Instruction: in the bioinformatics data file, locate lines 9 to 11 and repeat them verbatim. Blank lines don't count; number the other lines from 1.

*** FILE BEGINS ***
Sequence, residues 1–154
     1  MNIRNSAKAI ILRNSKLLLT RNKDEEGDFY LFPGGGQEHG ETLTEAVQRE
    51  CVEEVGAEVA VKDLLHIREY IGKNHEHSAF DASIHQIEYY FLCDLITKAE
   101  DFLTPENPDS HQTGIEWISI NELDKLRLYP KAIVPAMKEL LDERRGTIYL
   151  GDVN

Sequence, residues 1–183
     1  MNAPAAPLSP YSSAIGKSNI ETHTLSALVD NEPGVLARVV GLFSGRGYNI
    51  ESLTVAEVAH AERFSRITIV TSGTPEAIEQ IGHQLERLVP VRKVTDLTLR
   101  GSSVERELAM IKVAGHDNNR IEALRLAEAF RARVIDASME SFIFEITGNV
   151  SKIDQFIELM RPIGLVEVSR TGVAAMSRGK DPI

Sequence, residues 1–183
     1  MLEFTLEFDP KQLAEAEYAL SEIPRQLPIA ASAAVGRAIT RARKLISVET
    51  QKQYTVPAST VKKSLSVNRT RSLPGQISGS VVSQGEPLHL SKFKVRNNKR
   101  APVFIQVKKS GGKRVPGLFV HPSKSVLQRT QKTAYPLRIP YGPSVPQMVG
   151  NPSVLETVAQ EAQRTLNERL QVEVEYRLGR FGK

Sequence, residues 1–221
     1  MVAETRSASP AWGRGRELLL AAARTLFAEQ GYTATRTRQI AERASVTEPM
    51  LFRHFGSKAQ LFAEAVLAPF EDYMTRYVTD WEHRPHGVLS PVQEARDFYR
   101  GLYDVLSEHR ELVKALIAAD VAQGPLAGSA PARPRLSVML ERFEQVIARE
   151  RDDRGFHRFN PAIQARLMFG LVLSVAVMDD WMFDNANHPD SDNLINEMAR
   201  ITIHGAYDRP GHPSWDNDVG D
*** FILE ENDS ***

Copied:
   101  GSSVERELAM IKVAGHDNNR IEALRLAEAF RARVIDASME SFIFEITGNV
   151  SKIDQFIELM RPIGLVEVSR TGVAAMSRGK DPI

Sequence, residues 1–183